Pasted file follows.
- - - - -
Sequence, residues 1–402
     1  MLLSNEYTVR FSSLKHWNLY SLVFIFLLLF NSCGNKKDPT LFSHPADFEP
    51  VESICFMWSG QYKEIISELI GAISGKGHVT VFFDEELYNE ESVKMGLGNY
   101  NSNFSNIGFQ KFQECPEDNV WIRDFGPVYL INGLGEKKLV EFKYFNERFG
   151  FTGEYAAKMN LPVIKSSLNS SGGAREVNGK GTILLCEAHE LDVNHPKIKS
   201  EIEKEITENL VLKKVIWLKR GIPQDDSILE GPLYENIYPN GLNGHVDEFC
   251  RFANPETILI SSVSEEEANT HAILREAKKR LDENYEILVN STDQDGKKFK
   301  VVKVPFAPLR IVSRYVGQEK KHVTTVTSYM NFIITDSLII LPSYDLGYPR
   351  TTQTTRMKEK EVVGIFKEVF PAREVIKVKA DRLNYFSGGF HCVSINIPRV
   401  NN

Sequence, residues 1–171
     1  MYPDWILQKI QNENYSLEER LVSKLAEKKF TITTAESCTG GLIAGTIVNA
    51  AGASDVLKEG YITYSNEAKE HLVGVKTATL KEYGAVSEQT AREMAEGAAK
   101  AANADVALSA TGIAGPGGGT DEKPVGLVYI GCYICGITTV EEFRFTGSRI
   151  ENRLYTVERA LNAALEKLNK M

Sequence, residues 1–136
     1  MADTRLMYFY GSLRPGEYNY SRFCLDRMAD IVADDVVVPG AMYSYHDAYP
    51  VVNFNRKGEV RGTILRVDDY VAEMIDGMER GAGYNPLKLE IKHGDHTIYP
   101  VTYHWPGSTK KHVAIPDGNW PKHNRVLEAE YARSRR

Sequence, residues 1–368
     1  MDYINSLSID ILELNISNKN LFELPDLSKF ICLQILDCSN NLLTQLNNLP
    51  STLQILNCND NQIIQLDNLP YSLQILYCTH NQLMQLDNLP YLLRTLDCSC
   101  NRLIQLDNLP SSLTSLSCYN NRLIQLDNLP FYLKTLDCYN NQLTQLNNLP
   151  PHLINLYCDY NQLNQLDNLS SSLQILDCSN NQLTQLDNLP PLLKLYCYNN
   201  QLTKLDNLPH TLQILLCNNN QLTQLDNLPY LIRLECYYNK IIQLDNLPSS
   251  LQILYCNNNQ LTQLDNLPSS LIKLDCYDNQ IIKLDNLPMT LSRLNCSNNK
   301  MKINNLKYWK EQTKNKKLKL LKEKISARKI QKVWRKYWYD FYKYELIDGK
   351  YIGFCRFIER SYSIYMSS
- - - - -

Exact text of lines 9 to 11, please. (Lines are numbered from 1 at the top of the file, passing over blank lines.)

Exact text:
   351  TTQTTRMKEK EVVGIFKEVF PAREVIKVKA DRLNYFSGGF HCVSINIPRV
   401  NN

Sequence, residues 1–171